I knew there’d be an adjustment period for this four-and-a-half-year-old, passed-around pup, but how do you explain to a dog being uprooted one more time? He’d have to learn to trust yet again, to get used to his new person, adjust to another home, and new routines. He started out as a country dog, became a suburban dog and was about to become a city dog, and downsize to a backyard-less, main street, third-floor walk-up apartment. He’d have to get used to walks on cement, exercising in dog-filled city dog runs, and his new view of the world would be from three-stories up. One of us was about to become the other’s support animal, but I wasn’t sure who’d be wearing the therapy vest in our family.

So, with Eli by my side, carrying a bag with his few belongings we walked to the car.  Along with Angela’s parting words of well wishes she said: “He makes a noise when he goes.”

Makes a noise when he goes? When he goes where?

It took only until the next morning to understand what she meant. Eli screeched in pain when he defecated. And I don’t mean a little squeak or squeal: it sounded like I was killing him as he extruded off-curb. When he was done, he returned to the sidewalk as if nothing had happened. I stood there, rattled, left holding the bag (of poop)—and wondering what had just happened.

So began a five-month campaign to get to the bottom of the pain in Eli’s bottom.

On many mornings, I could be seen on Hoboken’s busy main street, crouched behind a yelping, pooping dog, iPhone in hand, taking documentary action videos. It was evidence I was using with vets as I tired to figure out what was wrong with him, and to plead my case to Angela and with her help to the Tibetan Terrier Health and Welfare Foundation for medical help and financial assistance to cover the ever-growing vet bills.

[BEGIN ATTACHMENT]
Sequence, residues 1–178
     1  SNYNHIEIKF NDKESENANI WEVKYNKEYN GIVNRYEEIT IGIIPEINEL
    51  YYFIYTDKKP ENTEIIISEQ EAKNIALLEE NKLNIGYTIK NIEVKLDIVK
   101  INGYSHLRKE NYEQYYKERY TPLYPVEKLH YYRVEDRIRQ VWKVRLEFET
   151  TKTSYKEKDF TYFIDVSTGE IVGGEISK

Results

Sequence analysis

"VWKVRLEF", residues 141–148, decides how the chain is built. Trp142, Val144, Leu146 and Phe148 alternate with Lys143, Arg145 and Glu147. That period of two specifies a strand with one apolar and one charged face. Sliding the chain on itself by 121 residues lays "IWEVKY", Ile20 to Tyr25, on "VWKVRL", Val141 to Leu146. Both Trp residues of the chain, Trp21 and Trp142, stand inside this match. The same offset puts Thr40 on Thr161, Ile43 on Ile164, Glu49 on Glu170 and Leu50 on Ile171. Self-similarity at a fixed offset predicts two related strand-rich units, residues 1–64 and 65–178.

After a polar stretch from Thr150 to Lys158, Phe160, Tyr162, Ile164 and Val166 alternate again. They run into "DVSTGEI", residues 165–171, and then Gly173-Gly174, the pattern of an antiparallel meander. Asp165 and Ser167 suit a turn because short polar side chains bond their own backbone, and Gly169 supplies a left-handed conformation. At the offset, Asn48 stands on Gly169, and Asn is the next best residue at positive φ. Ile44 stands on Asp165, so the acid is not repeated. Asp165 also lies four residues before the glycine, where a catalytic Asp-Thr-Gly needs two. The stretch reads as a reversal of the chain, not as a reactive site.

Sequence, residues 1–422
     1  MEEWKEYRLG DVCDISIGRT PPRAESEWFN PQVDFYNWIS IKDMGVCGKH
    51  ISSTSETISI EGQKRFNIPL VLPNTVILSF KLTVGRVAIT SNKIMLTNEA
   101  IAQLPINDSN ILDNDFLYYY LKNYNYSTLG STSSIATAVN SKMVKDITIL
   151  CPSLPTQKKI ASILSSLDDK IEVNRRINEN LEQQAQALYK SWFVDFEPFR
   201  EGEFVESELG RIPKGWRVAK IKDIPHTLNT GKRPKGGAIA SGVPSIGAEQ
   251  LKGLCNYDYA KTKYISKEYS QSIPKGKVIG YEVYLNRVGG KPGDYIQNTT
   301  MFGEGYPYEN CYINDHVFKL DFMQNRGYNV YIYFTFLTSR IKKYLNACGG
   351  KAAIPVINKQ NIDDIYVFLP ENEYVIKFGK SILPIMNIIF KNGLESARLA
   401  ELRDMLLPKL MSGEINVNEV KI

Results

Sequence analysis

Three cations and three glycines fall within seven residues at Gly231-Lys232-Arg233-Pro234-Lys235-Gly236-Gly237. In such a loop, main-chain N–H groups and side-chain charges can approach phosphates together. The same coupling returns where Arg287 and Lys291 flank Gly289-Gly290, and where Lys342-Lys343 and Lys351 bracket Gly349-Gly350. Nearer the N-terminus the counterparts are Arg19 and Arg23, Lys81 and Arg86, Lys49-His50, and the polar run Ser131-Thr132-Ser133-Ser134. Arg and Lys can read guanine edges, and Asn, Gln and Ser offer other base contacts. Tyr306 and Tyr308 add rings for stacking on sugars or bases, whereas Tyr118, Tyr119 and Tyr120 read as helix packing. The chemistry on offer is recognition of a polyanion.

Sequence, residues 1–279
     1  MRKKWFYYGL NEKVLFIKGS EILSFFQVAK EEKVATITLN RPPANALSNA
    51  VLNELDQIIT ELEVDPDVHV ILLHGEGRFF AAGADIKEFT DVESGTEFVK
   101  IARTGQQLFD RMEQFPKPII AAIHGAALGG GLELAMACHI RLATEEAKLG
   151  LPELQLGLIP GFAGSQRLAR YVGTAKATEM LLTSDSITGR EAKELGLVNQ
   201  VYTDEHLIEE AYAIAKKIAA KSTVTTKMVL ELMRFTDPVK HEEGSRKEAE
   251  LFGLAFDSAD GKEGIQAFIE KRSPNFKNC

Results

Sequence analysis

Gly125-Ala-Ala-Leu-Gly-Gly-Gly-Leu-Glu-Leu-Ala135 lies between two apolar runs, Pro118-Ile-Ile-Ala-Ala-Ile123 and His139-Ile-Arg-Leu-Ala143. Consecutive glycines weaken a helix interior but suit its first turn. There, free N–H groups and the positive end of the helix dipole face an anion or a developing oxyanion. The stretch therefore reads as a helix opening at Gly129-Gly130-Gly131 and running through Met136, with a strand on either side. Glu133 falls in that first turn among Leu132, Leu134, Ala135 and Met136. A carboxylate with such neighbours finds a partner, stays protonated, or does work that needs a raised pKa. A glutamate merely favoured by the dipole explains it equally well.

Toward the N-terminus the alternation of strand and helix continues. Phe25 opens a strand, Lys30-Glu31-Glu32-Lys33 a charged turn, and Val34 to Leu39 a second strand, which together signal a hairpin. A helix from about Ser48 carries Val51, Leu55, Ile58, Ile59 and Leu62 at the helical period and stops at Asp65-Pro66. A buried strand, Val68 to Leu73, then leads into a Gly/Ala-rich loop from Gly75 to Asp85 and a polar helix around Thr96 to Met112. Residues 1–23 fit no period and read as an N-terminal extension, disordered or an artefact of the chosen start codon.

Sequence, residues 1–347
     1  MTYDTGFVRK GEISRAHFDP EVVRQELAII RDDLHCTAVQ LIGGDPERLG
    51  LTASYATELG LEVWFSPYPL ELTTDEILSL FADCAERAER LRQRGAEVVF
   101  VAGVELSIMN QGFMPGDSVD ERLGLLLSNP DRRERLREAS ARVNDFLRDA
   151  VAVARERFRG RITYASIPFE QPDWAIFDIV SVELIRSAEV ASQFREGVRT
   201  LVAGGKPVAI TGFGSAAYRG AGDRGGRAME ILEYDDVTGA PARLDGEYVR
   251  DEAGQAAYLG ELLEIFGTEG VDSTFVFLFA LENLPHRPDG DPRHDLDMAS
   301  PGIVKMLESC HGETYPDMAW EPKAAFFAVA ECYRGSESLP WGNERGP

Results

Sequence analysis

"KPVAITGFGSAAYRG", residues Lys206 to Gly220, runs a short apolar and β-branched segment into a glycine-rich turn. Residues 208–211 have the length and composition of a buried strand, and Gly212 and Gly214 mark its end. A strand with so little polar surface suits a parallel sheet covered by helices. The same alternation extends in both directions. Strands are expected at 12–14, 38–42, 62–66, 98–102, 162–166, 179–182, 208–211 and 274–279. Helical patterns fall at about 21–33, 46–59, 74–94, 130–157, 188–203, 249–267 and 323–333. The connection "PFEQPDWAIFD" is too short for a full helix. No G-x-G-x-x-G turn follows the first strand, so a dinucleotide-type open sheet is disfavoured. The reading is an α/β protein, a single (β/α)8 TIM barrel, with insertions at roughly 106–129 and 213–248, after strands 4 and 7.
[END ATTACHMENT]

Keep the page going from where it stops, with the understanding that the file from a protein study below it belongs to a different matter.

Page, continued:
When I looked at his prior medical records, the first vet noted that his rectum was inflamed and he vocalized with BMs but they offered no diagnosis.

The second vet did a rectal exam, found that his anal glands were normal, prescribed antibiotics, suggested it could be behavioral—and again, offered no diagnosis.

The third vet did the same rectal exam; his anal glands were still normal. He did an ultrasound, took a set of X-rays, noted that everything else looked normal, shot him up with an extended-release steroid, a prescription for a nerve blocker—and gave me a hands-up-in-the-air, shrug of a diagnosis that some dogs “just cry when they defecate.”

The fourth vet did the rectal exam, found his anal glands were yet again normal, did a sonogram, reviewed the X-rays that were sent over by vet #3, all other systems were normal—and he, too, had no idea what was wrong. He recommended examining his digestive system both from above and below with an endoscopy and a colonoscopy.

My mother had suggested a number of times that I contact Eli’s previous owner to see if I could learn something that could help my poor dog, I didn’t want to do that. “Mom, he just lost his wife,” I said. “Angela has already been in touch with him,” I said, and she’d already relayed that information from him. “Well you should call him anyway!” she said. Then the motive for her persistence became clear: this man was newly single and my mother had a dream—and a plan.

“Why don’t you write a story about meeting and falling in love with the widower—a love story about how he gets his dog back.” she asked.

“Mom, that’s not part of the story,” I said.

“Well write it anyway,” she said.  “If Nicholas Sparks wrote it, it would be a best seller.”

After four different animal clinics or veterinary hospitals, countless rectal exams, suppositories, stool softeners, topical ointments, antibiotics, nerve blockers, steroids, CBD oil for anxiety, canned pumpkin to help with digestive regularity, lots of hand-wringing and hand washing, tons of cleaning up and disinfecting, a couple of thousand dollars in vet bills—and headed for a $3,500 colonoscopy—I was downhearted and feeling hopeless. After five months of seeing my dog in pain and having to be on constant alert for his sudden, daily, involuntary, almost-out-the-door accidents—I was worn out. As a last ditch effort, I sent the action-videos to my dog trainer, and she sent them to on to her vet. It was the astute, life-saving vet #5 who diagnosed Eli with a variant of Inflammatory Bowel Disease. With constant monitoring, meds and a specially tailored diet—while not curable, it was treatable.

He was finally going to get better.